Humphrey's return has Huggins thinking small
MORGANTOWN, W.Va. - Matt Humphrey finally got back on the floor for West Virginia's basketball team Wednesday. If Bob Huggins does what he promised late that same night, Humphrey might be getting even more chances.
The Mountaineers played their third straight game that came down to the final possession and lost for the second time in that span. Iowa State won 69-67 on a layup by Georges Niang with 2.5 seconds to play at Hilton Coliseum in Ames, Iowa, and WVU never got off a last shot.
Humphrey was part of a long-range shooting exhibition put on by the Mountaineers that enabled them to erase all of an 18-point deficit to tie the game with less than 12 seconds to go. Freshman Eron Harris and sophomore Jabarie Hinds also contributed as WVU, after missing its first 13 3-pointers, made 9 of 11 at the end of the game to make things interesting.
It was a comeback forged through shooting and aggressive play by a small lineup, something Huggins vowed later to continue to use - not so much because it was briefly successful, but because his preferred bigger lineup isn't getting the job done at all.
"We're going with a smaller lineup. I'm not doing that anymore,'' Huggins said a few moments after his team had lost for the third time in four Big 12 Conference games. "I'm done. They've had ample opportunity. They've had over half the season.
"How could it be worse? We're 1-3. How could it be worse?''
Huggins would prefer to stay with a bigger lineup. It's just his style of play. He likes to throw the ball close to the basket and get easy shots and he likes having big bodies protecting the goal at the other end.
But try as he might this season, he hasn't been able find a big-man combination that works. He has four of them - seniors Deniz Kilicli and Dominique Rutledge, junior Aaric Murray and redshirt sophomore Kevin Noreen - but for the most part they will rise up for a possession or a half or even a game, but then disappear again.
Against Iowa State, Noreen had 10 rebounds. Those other three bigs combined had just nine. The three guards who played most of the game - Hinds, Harris and Juwan Staten - had 15.
So what's the advantage of playing a big lineup if three guards are outrebounding three bigs?
"We changed lineups, tried to spread them and penetrate and get shots and played with one big,'' Huggins said. "We played with the one big that actually tried to get a rebound.''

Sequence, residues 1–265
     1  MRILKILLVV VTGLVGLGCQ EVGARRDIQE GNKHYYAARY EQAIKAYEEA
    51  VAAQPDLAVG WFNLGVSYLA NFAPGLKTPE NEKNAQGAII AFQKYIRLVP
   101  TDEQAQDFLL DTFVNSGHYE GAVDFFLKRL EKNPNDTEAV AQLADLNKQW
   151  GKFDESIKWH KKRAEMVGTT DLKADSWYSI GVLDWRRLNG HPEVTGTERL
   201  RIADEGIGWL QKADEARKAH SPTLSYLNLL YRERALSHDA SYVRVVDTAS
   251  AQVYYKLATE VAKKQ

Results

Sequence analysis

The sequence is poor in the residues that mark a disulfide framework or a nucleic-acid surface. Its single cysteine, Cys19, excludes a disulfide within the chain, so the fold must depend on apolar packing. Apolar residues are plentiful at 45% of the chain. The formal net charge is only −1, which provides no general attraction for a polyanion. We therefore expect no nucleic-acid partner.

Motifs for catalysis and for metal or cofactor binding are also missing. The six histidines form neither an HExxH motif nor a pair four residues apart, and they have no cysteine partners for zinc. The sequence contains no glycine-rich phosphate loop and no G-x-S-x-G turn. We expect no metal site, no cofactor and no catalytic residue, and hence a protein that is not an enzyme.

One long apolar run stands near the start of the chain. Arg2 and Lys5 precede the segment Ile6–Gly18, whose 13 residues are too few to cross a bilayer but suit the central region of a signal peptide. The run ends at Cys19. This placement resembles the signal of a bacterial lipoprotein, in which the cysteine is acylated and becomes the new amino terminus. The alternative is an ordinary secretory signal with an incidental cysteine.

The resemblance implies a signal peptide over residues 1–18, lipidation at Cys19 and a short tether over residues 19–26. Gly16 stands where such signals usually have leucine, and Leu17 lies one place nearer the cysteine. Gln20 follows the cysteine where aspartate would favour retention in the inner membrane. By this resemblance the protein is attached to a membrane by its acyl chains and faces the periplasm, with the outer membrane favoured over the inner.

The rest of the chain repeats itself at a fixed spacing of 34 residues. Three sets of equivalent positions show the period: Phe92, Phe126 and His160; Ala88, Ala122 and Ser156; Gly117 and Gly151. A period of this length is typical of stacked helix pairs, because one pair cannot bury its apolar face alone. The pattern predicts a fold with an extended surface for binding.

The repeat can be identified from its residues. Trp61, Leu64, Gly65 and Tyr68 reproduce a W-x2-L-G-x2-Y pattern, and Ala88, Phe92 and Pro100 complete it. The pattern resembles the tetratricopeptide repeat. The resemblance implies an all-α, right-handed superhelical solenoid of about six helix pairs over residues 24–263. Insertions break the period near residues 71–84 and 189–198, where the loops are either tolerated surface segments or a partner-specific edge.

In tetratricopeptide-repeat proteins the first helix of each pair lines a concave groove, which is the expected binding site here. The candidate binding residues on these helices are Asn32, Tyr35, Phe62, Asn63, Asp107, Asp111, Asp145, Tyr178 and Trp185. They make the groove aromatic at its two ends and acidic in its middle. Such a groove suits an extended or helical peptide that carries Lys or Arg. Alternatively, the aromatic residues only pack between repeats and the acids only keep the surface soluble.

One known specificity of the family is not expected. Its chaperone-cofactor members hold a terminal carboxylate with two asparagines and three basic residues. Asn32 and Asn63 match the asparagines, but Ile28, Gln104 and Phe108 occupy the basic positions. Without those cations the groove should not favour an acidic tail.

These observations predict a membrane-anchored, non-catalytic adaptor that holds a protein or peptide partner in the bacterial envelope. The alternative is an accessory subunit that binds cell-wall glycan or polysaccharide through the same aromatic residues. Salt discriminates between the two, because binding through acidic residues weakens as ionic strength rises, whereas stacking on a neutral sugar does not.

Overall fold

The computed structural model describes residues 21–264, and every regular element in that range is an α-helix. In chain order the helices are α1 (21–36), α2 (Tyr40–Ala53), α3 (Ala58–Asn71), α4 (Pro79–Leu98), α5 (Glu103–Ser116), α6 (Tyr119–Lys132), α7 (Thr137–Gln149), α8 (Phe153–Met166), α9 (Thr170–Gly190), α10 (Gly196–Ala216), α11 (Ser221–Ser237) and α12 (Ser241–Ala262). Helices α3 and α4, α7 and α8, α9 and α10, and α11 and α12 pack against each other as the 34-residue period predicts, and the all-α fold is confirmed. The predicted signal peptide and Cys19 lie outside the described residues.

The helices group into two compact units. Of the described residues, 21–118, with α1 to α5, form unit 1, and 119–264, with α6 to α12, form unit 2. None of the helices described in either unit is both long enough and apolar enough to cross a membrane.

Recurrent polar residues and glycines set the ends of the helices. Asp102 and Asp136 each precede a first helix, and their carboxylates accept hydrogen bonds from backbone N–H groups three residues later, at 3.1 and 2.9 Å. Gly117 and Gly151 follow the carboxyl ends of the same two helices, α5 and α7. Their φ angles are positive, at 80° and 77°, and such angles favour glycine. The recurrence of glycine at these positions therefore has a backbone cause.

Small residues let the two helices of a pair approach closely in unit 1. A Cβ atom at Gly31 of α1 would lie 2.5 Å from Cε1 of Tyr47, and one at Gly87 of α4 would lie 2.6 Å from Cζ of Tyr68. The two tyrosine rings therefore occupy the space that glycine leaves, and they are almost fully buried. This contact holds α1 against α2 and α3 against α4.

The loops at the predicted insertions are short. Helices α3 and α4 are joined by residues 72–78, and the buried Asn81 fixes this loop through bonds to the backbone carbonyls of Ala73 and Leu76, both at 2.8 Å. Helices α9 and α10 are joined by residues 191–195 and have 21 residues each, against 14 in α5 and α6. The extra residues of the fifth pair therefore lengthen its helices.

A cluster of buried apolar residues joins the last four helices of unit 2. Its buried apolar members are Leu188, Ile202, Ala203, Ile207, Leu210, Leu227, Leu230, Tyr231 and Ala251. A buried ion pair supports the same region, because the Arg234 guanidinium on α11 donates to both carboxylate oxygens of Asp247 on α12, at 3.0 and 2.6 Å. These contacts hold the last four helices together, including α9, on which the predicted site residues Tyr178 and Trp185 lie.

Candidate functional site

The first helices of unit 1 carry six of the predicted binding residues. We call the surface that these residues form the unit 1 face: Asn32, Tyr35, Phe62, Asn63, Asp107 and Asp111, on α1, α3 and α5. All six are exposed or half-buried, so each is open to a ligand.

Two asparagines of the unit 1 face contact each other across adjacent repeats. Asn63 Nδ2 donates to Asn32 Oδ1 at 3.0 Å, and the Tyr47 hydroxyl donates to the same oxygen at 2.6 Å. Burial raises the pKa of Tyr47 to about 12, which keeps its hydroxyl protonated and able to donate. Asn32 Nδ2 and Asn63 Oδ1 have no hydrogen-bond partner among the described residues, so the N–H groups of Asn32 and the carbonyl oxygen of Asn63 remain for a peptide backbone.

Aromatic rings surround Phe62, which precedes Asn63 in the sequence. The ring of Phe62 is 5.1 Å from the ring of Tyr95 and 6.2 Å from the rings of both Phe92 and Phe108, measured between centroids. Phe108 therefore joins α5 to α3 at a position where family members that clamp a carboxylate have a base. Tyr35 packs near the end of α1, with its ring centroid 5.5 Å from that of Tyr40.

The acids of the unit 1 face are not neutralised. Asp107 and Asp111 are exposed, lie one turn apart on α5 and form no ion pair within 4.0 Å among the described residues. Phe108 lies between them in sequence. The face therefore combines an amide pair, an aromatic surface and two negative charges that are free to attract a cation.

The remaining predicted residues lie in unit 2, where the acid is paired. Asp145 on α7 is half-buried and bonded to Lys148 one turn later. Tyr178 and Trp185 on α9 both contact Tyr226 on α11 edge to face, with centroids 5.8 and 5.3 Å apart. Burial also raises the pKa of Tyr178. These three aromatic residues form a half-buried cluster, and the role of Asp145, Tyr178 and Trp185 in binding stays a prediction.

That would be Noreen, although at game's end it was Murray on the floor. Noreen had just turned the ball over twice to toss away valuable possessions and Murray was needed for his defense. He wound up blocking the shot that gave West Virginia the chance to tie the game with 11.6 seconds to go on a 3-pointer by Hinds.
So now comes Huggins' opportunity to simply scrap the big men and go small. The Mountaineers have the perfect opportunity to test it out, facing Purdue on Saturday afternoon in West Lafayette, Ind., in the team's final non-conference game of the season.
"You get tired of saying the same things to the same people day after day after day,'' Huggins said. "We're not going to do that anymore.''
And so at just past the midpoint of the 31-game regular season, the Mountaineers (8-8, 1-3 Big 12) will essentially start over, at least in terms of emphasis. That means a smaller lineup, probably more shooters on the floor and more chances for a guy like Humphrey.
The senior transfer from Boston College had not played since a Dec. 22 game against Radford. With freshman Terry Henderson out with a back problem and the Mountaineers in that 0-for-13 start from 3-point range, Huggins was desperate.
"I just needed another guy,'' he said.
Humphrey was happy to be that guy.
"I'm a basketball player,'' he said simply after he'd made three of his four 3-point attempts and scored nine points in just 10 minutes. "At the end of the day, I'm always ready to play.''
Humphrey arrived this season with great expectations that have just not come to pass. He was expected to add much-needed shooting to a team that had trouble finding the basket, but for a variety of reasons - be they defense, offensive sets, hustle, whatever - he hasn't even been able to find the floor.
On his third school and in his fifth season, though, Humphrey didn't have much choice but to ride it out, not that he would have considered giving it up anyway.
"Honestly, just because I'm not playing doesn't mean I'm not into the games,'' he said. "I still want to win, whether it's playing or sitting on the bench. But playing's a lot better.''
Huggins has choices, of course. He has essentially four true guards and four wing players to choose from, so it's not as if Humphrey will play by default in a smaller lineup. But he's at least on the radar now.
"I think sitting over there has given Matt a greater appreciation for being on the floor,'' Huggins said. "And I think he's accepted his role a little bit better.''
Reach Dave Hickman at 304-348-1734 or email@example.com or follow him at Twitter.com/dphickman1.